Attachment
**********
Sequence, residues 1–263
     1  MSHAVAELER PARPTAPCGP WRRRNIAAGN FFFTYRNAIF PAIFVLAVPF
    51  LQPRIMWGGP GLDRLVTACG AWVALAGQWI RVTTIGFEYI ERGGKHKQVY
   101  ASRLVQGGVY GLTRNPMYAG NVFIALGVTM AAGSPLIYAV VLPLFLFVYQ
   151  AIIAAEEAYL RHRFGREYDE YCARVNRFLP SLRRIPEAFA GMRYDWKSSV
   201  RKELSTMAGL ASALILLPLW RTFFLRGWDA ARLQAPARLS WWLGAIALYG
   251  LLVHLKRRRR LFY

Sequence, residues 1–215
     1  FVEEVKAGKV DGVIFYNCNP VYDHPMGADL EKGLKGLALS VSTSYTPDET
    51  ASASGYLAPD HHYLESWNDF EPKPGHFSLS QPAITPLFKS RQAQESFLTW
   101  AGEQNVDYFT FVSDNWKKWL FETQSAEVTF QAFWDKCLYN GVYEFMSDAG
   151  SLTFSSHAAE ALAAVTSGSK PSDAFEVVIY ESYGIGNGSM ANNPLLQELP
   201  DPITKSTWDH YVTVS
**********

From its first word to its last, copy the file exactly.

Sequence, residues 1–263
     1  MSHAVAELER PARPTAPCGP WRRRNIAAGN FFFTYRNAIF PAIFVLAVPF
    51  LQPRIMWGGP GLDRLVTACG AWVALAGQWI RVTTIGFEYI ERGGKHKQVY
   101  ASRLVQGGVY GLTRNPMYAG NVFIALGVTM AAGSPLIYAV VLPLFLFVYQ
   151  AIIAAEEAYL RHRFGREYDE YCARVNRFLP SLRRIPEAFA GMRYDWKSSV
   201  RKELSTMAGL ASALILLPLW RTFFLRGWDA ARLQAPARLS WWLGAIALYG
   251  LLVHLKRRRR LFY

Sequence, residues 1–215
     1  FVEEVKAGKV DGVIFYNCNP VYDHPMGADL EKGLKGLALS VSTSYTPDET
    51  ASASGYLAPD HHYLESWNDF EPKPGHFSLS QPAITPLFKS RQAQESFLTW
   101  AGEQNVDYFT FVSDNWKKWL FETQSAEVTF QAFWDKCLYN GVYEFMSDAG
   151  SLTFSSHAAE ALAAVTSGSK PSDAFEVVIY ESYGIGNGSM ANNPLLQELP
   201  DPITKSTWDH YVTVS